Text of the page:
Thanks, Dad

This one's gotta hurt. Admittedly, his remark wasn't all that bad, but even so....

"I see that Rand Paul's father Ron seems to be considering giving up on his son's chances to become the Republican nominee. Maybe it's because Ron Paul personally knows a thing or two about losing a Republican nomination fight, but this week in an interview he said 'it certainly is realistic' that Donald Trump was going to be the GOP nominee. You can just picture the awkward phone call after that news broke: 'Aw, c'mon, Dad!' 'Sorry, Son, but I gotta call them like I see them.' It's bad enough to have others toss your chances of winning under a bus, but when it comes from dear old Dad, it's really got to hurt."


   Who is worthy and who is not

When purity counts, it limits your choices.

"The Republican National Committee had already kicked out NBC from its upcoming debate, because the nasty people at CNBC asked mean questions the Republican candidates didn't want to answer, and now comes news that they've also kicked out the National Review from the debate as well, because they had the temerity to criticize Donald Trump. Boy, if they're insisting on such purity in their debate sponsors, pretty soon they'll be down to having all their candidates appear on an otherwise-empty stage, and just debate each other, freestyle. It's going to be seriously amusing when the primaries are done and the 'kid gloves' Republican debates are over, because sooner or later they're going to have to answer some questions from outside the right-wing echo chamber. For now, they're still able to wrap their debates in cotton batting so nobody gets their feelings hurt, but that won't happen in the general election."


   Might want to rethink that destination, Bill

Always fun when people don't check their facts. As Salon amusingly pointed out this week.

"Bill O'Reilly has stated that if a Bernie Sanders wins the presidency this November, he's going to move to Ireland rather than pay his taxes to President Sanders. Putting aside the fact that nobody actually pays their taxes to the president himself, I think O'Reilly's in for a shock. Ireland is fairly conservative on some things, like abortion, but it also has higher taxes than America (over fifty percent for the top bracket), extremely strict gun control laws (most police aren't even armed), and -- horror of horrors -- single-payer socialized medicine! So O'Reilly would be escaping from a phantom socialist America for a very real socialist Ireland. Maybe he might want to rethink his post-election travel plans?"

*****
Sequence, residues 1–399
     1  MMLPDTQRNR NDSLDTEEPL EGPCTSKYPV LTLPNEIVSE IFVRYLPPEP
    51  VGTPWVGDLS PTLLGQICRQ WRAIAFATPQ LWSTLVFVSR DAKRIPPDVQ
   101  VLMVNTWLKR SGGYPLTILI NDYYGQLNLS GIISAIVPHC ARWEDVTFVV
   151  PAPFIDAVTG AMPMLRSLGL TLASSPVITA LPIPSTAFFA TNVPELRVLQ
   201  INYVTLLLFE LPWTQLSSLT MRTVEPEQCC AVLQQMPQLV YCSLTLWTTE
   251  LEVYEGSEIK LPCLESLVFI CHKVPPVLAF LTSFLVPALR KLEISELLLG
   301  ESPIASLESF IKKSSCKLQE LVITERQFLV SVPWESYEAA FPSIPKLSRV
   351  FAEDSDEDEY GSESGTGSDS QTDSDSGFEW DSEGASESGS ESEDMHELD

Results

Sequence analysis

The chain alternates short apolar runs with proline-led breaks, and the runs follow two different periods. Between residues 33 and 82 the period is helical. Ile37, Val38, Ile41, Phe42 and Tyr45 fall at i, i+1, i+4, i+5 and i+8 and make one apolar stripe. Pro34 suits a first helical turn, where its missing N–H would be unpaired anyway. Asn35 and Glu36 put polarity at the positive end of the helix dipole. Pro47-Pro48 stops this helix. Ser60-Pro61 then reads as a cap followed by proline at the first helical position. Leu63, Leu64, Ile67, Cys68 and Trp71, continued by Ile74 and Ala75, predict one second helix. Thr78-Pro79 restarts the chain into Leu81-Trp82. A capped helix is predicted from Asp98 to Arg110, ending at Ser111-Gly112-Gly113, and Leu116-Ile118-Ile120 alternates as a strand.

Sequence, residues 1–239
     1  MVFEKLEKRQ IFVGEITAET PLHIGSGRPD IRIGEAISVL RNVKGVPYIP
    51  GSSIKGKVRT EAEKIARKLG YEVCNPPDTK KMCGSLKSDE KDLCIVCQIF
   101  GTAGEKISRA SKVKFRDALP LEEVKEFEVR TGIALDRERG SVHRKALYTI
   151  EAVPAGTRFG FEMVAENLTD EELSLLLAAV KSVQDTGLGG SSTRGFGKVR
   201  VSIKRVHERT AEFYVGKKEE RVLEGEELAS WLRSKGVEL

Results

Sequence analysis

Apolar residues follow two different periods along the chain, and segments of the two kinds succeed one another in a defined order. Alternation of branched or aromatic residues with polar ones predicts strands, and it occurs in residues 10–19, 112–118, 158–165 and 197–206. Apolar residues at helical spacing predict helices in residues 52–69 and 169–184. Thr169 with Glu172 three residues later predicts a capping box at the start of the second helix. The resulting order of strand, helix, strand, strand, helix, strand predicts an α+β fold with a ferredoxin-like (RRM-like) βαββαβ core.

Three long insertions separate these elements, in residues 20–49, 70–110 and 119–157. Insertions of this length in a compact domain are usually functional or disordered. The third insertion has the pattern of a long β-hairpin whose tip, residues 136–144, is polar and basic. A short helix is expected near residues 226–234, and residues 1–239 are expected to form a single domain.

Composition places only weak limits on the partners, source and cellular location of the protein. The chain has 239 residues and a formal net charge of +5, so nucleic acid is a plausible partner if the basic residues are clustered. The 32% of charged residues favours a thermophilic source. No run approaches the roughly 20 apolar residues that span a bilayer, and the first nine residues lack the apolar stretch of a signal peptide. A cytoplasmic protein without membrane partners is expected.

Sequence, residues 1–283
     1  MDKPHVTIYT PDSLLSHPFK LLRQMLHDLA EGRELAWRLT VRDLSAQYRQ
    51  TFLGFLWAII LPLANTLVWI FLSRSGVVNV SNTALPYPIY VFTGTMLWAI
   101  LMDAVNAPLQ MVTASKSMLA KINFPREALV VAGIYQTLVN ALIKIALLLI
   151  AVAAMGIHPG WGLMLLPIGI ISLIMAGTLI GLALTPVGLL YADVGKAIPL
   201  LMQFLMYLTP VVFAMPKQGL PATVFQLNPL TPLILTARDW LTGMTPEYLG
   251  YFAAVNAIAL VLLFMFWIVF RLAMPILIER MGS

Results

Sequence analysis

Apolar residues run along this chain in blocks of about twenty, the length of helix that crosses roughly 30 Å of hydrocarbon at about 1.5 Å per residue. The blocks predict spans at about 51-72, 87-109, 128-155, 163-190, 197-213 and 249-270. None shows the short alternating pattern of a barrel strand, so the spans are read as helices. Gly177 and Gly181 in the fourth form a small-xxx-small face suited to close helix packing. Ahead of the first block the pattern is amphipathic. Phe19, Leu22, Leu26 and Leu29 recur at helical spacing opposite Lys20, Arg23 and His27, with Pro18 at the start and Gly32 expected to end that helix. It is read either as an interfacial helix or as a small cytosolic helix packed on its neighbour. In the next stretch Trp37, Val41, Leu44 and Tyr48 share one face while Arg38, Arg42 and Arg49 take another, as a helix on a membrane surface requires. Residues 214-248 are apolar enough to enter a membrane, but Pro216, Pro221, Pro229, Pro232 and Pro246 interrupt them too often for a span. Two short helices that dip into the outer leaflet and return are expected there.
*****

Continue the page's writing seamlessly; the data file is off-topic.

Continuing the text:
Conservatives are revolting

And finally, we end exactly where we began.

"Boy, it's tough to keep track of the revolts going on in the Republican Party these days. Donald Trump is leading a revolt against the establishment Republicans. The National Review is leading a counterrevolt against Trump. The establishment Republicans are actually waving a big white flag and are now revolting against the National Review and sucking up to Trump. Ted Cruz is leading a revolt against pretty much every other Republican in existence, who are quite willing to badmouth Cruz in return. The party's voters are leading a revolt against the big money donors. Pretty much anywhere you look within the Republican Party, things are downright revolting."


Chris Weigant blogs at:

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Nick Wing   |   January 20, 2016    9:46 AM ET

A Department of Justice watchdog officially condemned the U.S. Drug Enforcement Administration this month, following a report that the agency had recruited a Transportation Security Administration security screener to search bags for cash that the DEA could confiscate.

The very existence of such a partnership highlights much broader concerns about the controversial legal practice known as civil asset forfeiture, which critics say contorts law enforcement priorities and props up a system of policing for profit.

In a summary of its investigation, the DOJ's Office of the Inspector General concluded that the agreement "violated DEA policy" on a number of levels. While the OIG determined that the TSA informant never provided any actionable information to the DEA, it concluded that the plans to pay the agent out of the cash he or she helped seize "could have violated individuals’ protection against unreasonable searches and seizures if it led to a subsequent DEA enforcement action."

In effect, the OIG was questioning the propriety of an arrangement in which a TSA agent would use his or her power to tip off the DEA to the presence of cash in travelers' luggage, and then receive compensation based on how profitable that information was to the agency.